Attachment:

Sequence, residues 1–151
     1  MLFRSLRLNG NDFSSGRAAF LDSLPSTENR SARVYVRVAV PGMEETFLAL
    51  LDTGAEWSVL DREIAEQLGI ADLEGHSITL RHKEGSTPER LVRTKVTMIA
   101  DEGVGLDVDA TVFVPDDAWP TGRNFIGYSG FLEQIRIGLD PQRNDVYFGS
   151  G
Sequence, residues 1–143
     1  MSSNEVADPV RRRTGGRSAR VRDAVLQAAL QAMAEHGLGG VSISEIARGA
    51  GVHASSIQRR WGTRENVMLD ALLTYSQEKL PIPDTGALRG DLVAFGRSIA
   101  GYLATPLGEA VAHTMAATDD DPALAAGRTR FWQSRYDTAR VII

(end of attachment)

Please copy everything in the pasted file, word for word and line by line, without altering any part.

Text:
Sequence, residues 1–151
     1  MLFRSLRLNG NDFSSGRAAF LDSLPSTENR SARVYVRVAV PGMEETFLAL
    51  LDTGAEWSVL DREIAEQLGI ADLEGHSITL RHKEGSTPER LVRTKVTMIA
   101  DEGVGLDVDA TVFVPDDAWP TGRNFIGYSG FLEQIRIGLD PQRNDVYFGS
   151  G
Sequence, residues 1–143
     1  MSSNEVADPV RRRTGGRSAR VRDAVLQAAL QAMAEHGLGG VSISEIARGA
    51  GVHASSIQRR WGTRENVMLD ALLTYSQEKL PIPDTGALRG DLVAFGRSIA
   101  GYLATPLGEA VAHTMAATDD DPALAAGRTR FWQSRYDTAR VII